I’ve been reading a tiny bit recently about something called the ignorance premium, being the price you pay for not knowing better. When you slap down an extra 200 bucks for one product when a cheaper one would have worked just as well, but you didn’t know about it. The general idea here is that we’re prisoners to the people who have the cash to flood the world with slick marketing, because we don’t bother to learn about all our options before opening our wallets. While you can pay more to get somewhere faster by buying a car rather than using public transit, we can also pay more to stay ignorant.
This criticism has been pulled out in response to those of us who own ipods. Because ipods aren’t cheap, and there are cheaper mp3 players out there.
Now, no one has ever questioned my reasons for owning an ipod over any other mp3 player. Nor has anyone ever called me a sheep for buying one. As far as I’m concerned, there are two kinds of people in the world; people who want an mp3 player, and people who don’t. (I’m in the former category, and my sister is in the latter.) But among the people who want an mp3 player, there are gradations and variations. There are the runners, who have specific needs. There are the people who are completely satisfied with the idea of basically listening to one cd at a time, and only need 20 or 30 songs. And then there’s the people like me, who will really only be happy if they can have a complete mirror image of their computer’s mp3 archive in their pocket. And for those people, only a true ipod will do. When you’re looking at that much storage, you need an expensive machine. And if you’re like me, having something attractive, something you can just fall down and love, is value in and of itself. As I say, I’ve never been asked to justify my ipod, but I’m ready to do it. I know there are other players out there, but my decision is purposeful.
What the “ignorance premium” people tend to assume is that design is meaningless. Design is just pretty, not function. If something is ugly and clunky but is capable of the same thing as something pretty and sleek, they’re technically equal. But this simply isn’t true. All this shows is that there’s a segment of people in the world who don’t think that design, look & feel, has a place in the world. But those design elements are actually information bearing, like a form of scaffolding. Let’s presume that we have X amount of time in our lives to spend understanding a concept, or completing a task. With bad design, where we spend significant time learning how to do something, we are essentially wasting time with bad design. Good design, that is pretty, information bearing, and helps us to move on to more intellectual pursuits than figuring out how to play one stupid song, actually lets us reach greater heights.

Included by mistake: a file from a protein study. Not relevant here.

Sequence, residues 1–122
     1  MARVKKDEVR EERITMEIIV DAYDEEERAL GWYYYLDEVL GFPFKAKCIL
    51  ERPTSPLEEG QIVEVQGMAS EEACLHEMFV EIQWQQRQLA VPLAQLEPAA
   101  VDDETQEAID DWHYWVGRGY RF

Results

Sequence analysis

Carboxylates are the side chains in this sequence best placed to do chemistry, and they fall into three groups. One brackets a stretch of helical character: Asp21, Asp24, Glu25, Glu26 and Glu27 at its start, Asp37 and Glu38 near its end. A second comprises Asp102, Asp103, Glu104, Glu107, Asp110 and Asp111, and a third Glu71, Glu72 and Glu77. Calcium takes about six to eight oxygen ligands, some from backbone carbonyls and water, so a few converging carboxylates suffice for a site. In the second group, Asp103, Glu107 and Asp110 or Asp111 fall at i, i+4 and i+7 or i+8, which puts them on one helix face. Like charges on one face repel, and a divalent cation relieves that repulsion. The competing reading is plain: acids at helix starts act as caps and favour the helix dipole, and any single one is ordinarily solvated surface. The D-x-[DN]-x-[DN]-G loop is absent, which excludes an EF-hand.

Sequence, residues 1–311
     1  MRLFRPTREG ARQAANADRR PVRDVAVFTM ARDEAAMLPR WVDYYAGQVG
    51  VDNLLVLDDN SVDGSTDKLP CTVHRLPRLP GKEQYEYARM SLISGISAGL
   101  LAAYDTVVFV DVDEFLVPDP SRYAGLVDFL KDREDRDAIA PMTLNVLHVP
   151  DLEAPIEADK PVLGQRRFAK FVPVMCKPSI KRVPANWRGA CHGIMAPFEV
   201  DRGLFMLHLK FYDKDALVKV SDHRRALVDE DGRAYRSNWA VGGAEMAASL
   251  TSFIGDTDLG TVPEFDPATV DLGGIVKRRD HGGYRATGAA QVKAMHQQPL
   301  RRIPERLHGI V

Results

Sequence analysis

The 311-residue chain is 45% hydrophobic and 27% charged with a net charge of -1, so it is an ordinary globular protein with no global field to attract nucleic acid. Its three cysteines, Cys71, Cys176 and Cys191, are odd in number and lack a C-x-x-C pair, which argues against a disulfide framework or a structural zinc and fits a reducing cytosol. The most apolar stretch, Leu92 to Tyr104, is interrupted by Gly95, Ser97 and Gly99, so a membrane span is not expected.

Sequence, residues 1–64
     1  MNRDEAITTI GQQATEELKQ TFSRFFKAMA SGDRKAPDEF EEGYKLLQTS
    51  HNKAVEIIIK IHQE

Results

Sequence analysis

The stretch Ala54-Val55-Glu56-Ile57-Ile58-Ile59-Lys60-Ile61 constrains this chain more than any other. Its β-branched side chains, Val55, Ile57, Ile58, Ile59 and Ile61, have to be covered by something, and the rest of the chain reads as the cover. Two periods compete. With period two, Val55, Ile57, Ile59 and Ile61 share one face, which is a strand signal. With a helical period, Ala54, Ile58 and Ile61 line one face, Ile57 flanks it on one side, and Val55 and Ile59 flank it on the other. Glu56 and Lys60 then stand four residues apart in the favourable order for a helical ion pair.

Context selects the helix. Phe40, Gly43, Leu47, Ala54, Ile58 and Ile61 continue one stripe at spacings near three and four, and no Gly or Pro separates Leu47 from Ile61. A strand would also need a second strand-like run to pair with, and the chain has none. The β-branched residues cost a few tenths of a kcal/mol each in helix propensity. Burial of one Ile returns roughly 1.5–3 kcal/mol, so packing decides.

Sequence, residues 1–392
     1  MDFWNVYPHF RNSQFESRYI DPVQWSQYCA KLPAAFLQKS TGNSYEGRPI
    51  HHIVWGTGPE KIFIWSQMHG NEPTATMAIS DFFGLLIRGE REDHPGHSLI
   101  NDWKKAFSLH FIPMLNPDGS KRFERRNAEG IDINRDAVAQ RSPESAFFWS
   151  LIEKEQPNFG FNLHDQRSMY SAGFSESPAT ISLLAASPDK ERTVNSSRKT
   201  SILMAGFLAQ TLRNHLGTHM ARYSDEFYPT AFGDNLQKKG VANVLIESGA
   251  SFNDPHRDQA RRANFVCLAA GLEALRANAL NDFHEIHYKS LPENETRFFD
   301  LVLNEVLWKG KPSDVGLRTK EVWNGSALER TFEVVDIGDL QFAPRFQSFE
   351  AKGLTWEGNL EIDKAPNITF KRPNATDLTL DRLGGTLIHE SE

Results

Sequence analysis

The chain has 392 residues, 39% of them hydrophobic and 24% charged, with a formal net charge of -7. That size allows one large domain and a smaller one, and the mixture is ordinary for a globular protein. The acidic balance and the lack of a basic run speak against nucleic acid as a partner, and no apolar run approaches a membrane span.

That said, I have argued the ignorance premium thesis before. Mostly when it comes to non-computer people buying computers. What, you say all you’re going to do is send email and look at the internet from time to time? Well, heck, you’d better get the BEST computer possible, better get, for instance, a powerbook.* We all know that computing technology changes to fast, you’d better get the best one first, not something middling. Middling computers will be out of date and useless in a matter of weeks, right? I know people, good people, smart people, who buy (very very expensive!) powerbooks on this presumption. When what they really need is the powerful, flexible, and extremely wonderful ibook. Sure, it’s less expensive. But it’s so much more than you’ll ever need.
I often get frustrated by what happens to people who are afraid of computers. When they deal with computer people, they can get so screwed over, all because of that ignorance premium.
We’ve spent a good deal of time at work lately talking about “technological literacy” and what that means. If we’ve got a grip on “information literacy”, surely “technological literacy” would be easier to define. More and more I feel myself leaning toward defining technological literacy as breaking down those fear barriers that people have, and turning computers into just another tool we use, like pens and radios and walkmans. We’re not afraid of these things; we’re not afraid to look at the specs and talk about what we really need from them, and be able to distinguish between “what I think I need” and “what I happen to want”. Information literacy has broken away from its tool-based roots (how to use X database, how to use a library catalogue) and into the more broader, conceptual level (what makes a good source for this paper? who can I trust?), and technological literacy needs to make that leap too. Maybe a technologically literate person can distinguish between the design that is functional and design that provides information, knows how to get help within a program, understands the basic principles that underlie all software, and can get to work using a piece of software between 15 and 20 minutes after first opening it. It’s not about the software itself, it’s about getting to know how software tends to work. Right?
So that way, if we’re all technologically literate, we can just buy our ipods without people calling us sheep.
* I ‘m using Mac examples here because that’s what I know best. I know powerbooks are great computers, but they’re more high end than most people would ever even think about needing, is all I’m saying.